After explaining the context in which Paul advocated going from house to house, John Ritenbaugh reiterates that Paul, who understands clearly that God alone calls (John 6:44), makes his initial contact with non-believers in public places (synagogue and for. . .
John Ritenbaugh focuses upon the intent or purpose of the scripture in Deuteronomy 23:2 prohibiting offspring from illegitimate unions (often carrying psychological baggage and irreversible physical damage) from holding offices of responsibility in physica. . .
Through Acts 1-15, God (primarily through the work of Peter, Paul and James) has removed His work out of the Judaistic mold, creating the Israel of God (the church) designed to spread to the Gentiles. Though certain ceremonial and civil aspects of the law . . .
John Ritenbaugh reiterates that the Sabbath Command (as well as all of the Ten Commandments) was made for both Jews and Gentiles (all of mankind). Throughout the book of Acts, Gentiles are faithfully keeping the Sabbath along with the Jews. Paul's insisten. . .
Hebrews emphasizes that spiritual growth and glorification depends on an individual's relationship with Christ, the centerpiece of the Book of Hebrews.
Paul never taught any Jew to forsake the Law of Moses, but he did warn against Pharisaical additions for the expressed purpose of attaining justification.
The yoke grievous to bear (Acts 15:10) was not God's law, but an entire package of Pharisaic regulations that had been elevated to the level of God's law.
The book of Hebrews' audience consisted of converts from Judaism, suffering estrangement from family and community, excommunicated from the temple.
The last days of the Worldwide Church of God demonstrated a dearth of righteous judgment. God expects us to judge wisely within the parameters of His Law.
John Ritenbaugh stresses that God esteems certain spiritual qualities above other spiritual qualities. To elevate a minor regulation above a major regulation is to spiritually lose ones sense of proportion. The attribute of love (I Corinthians 13:13) super. . .
Early converts from Judaism claimed to accept the Law but had difficulty accepting the Lawgiver. Today, many claim to accept Christ, but will not accept His Law.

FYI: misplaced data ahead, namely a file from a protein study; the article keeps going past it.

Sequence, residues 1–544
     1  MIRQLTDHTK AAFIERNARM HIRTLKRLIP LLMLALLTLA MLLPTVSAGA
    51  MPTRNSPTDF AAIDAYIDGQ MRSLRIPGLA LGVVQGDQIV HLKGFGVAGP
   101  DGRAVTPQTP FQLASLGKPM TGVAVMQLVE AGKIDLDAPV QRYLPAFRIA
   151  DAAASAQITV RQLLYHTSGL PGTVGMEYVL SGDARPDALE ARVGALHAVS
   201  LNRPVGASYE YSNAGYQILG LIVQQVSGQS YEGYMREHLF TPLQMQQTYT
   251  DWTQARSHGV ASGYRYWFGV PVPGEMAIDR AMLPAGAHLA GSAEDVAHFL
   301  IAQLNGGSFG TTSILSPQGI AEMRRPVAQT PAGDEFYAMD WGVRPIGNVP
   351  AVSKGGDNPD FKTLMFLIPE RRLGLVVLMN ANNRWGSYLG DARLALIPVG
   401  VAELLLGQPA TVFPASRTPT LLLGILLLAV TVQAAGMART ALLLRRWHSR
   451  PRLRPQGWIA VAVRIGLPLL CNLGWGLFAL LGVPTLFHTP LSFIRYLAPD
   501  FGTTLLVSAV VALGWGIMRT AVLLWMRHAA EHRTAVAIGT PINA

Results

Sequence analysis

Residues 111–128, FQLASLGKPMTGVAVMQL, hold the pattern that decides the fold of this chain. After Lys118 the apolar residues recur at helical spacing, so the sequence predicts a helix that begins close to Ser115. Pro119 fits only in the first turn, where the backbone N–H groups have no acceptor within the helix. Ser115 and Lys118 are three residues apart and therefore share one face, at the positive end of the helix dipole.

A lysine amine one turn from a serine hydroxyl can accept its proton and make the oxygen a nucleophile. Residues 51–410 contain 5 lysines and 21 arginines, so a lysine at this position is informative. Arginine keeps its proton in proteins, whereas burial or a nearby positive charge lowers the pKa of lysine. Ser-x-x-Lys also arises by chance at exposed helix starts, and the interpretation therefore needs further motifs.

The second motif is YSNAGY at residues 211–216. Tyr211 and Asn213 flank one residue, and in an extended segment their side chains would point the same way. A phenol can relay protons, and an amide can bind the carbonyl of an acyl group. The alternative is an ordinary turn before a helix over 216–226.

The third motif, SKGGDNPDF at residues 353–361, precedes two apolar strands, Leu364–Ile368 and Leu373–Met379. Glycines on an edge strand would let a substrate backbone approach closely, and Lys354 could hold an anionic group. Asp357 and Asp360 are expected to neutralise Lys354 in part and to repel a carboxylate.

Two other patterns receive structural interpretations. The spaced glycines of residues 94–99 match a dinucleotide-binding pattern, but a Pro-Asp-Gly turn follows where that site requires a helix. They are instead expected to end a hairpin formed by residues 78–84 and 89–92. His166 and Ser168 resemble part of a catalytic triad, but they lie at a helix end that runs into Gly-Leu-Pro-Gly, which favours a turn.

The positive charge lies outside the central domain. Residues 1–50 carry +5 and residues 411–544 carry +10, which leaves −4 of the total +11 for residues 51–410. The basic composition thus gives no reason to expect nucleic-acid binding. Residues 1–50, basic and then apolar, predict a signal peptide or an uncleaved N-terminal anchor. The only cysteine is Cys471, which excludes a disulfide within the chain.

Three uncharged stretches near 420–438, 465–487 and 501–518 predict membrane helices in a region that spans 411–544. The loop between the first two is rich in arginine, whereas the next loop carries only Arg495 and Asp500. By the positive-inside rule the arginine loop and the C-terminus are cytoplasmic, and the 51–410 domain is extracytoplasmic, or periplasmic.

Protestantism alleges that God's law is 'done away.' What Scripture shows, though, is that some aspects are not required presently, but God's law is eternal.
Parts of God's law are not presently required, yet not 'done away." Paul took a vow that required animal sacrifice. Ezekiel 34-48 shows the sacrificial law observed.
We need to learn to judge in a godly manner, putting merciful restraints on our tendency to condemn or jump to conclusions. One size does not fit all.
John Ritenbaugh, examining the socio-cultural milieu before the writing of the Epistle to the Hebrews, explains the difficulties experienced by the new Jewish converts to the Gospel. The powerful testimony of the recently risen Christ, combined with the ap. . .
John Ritenbaugh, fearing that we may be following suit in the world's religions by focusing on "getting salvation" rather than preparing for service in God's Kingdom, cautions us that we must re-orient our mindset, seeking to grow in the stature . . .
The major issue in the Acts 15 decision was not doing away with God's law, but seeking a theological solution to the problem of circumcision and the Pharisaical misconception that it was a recipe for salvation. Within the context of this decision, both Pau. . .
The yoke of bondage Paul refers to in Galatians was a combination of the code of regulations added by the Pharisees and Gnostic ritualism, not God's Law.
Christians often spend so much time engaged in their present-day trials and tribulations that they fail to understand and learn from the experiences of Christians of the past. In the New Testament, God has supplied His church with multiple examples of the . . .
Charles Whitaker, examining Christ's statement that the law will not pass away until all has been fulfilled, indicates that the Law of God will change only when the preconditions Christ established in Matthew 5:18 have been met. Paul asks and answers the q. . .
In Galatians, Paul took issue with the Halakhah, not God's word. Halakhah was a massive collection of human opinion that placed a yoke on its followers.
Circumcision was the sign God gave Abraham indicating that his descendants would ascend to greatness, acquiring physical and spiritual blessings.
The days, months, and times of Galatians 4:10 do not refer to God's Holy Days (which are not weak or beggarly), but to pagan rites the Galatians came out of.
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